The Fox of Innovations
The Indian government promotes open source software – why?
Most people think it's money, but it's not. I know this because I sit on several of the government committees. The rationale is that they are trying to make sure that people are actually exposed to real technology and understand the technology. What's happening with proprietary software is that you're so abstracted from the actual technology, you are only dealing with very high-level APIs and don't know what's happening at the lower level, so that your understanding of the technology with which you're working is pretty low.
The government finds that people who work with proprietary software tend to know a little less about the software than people who work with free and open source software and are exposed to everything from ground-level upwards. If someone is really interested in knowing how something works, he has every option to find out how it works.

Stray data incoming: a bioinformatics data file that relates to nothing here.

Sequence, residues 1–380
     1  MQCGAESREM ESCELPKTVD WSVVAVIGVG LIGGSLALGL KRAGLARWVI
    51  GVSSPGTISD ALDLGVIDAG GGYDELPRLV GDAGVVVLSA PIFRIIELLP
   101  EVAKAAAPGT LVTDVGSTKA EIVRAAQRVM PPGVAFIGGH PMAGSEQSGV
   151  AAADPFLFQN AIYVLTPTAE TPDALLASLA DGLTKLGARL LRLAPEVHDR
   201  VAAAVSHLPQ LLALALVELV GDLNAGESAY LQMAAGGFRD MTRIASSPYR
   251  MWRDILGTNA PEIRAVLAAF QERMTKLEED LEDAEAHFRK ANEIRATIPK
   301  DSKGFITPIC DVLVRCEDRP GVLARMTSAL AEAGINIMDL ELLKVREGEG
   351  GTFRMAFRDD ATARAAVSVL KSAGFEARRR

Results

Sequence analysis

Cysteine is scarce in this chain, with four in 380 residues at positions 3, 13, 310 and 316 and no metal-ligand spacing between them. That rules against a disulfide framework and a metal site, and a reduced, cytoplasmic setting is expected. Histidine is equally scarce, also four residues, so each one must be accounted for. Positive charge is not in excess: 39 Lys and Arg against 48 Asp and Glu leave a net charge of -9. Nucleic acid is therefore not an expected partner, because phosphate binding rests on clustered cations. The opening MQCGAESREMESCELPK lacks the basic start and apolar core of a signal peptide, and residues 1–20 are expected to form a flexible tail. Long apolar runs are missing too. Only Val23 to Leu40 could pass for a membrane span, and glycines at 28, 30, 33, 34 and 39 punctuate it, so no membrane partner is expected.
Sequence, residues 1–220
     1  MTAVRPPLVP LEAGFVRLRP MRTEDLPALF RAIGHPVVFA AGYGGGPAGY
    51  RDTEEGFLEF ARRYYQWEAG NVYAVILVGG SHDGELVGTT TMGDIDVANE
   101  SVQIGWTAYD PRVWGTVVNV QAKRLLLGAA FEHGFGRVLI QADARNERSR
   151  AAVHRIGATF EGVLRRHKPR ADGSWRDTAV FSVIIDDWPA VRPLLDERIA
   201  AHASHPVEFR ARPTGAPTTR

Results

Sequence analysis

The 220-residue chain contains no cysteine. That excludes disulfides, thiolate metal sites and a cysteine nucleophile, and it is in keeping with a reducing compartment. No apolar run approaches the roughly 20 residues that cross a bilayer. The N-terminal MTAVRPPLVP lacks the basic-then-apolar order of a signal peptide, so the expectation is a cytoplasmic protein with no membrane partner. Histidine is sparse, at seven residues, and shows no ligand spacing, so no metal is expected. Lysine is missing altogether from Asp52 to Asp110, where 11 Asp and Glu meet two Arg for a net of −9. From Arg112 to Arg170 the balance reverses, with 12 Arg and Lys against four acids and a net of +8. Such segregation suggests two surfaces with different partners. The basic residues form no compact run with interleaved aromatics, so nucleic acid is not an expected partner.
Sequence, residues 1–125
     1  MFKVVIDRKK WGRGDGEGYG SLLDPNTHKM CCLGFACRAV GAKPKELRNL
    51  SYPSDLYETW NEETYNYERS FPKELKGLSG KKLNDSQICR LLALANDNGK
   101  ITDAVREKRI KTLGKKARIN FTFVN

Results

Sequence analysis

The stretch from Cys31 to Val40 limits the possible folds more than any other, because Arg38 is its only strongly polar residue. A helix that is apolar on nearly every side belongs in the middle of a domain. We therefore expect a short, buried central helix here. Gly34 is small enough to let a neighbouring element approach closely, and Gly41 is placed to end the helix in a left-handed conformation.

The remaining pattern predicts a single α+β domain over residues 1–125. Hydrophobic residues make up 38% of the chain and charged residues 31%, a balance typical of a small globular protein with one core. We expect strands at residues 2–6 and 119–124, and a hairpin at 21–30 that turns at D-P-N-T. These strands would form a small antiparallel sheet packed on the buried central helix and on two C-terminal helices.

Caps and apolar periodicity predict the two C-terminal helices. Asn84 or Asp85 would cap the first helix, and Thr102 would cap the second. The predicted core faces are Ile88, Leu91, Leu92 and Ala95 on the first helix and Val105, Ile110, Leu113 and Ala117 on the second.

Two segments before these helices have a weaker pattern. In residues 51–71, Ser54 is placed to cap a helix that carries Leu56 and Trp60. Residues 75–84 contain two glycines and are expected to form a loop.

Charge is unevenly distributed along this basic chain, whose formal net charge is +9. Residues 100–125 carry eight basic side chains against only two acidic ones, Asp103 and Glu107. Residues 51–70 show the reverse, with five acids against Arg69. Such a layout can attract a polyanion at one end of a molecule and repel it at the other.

So one could call it an educational programme?
In a manner of speaking. I would call it a survival system [laughs], but opinions differ.
Can you name particular initiatives?
At the central government, we have several committees which are pushing free and open source software in various levels within the government and within the country. The government itself is pretty predisposed towards open source software. But by the request of the community, we have asked them not to favour the open source community, just to provide a levelled playing field, and this they have been doing very heavily.
Then there are educational efforts, again from the central government, where they aid and setup projects which help develop free and open source software in India.
Finally, there are state level initiatives. For example, the state of Kerala has announced recently that it has removed all proprietary software from the educational system, and they will be using only free and open source software. There are several initiatives of this sort.
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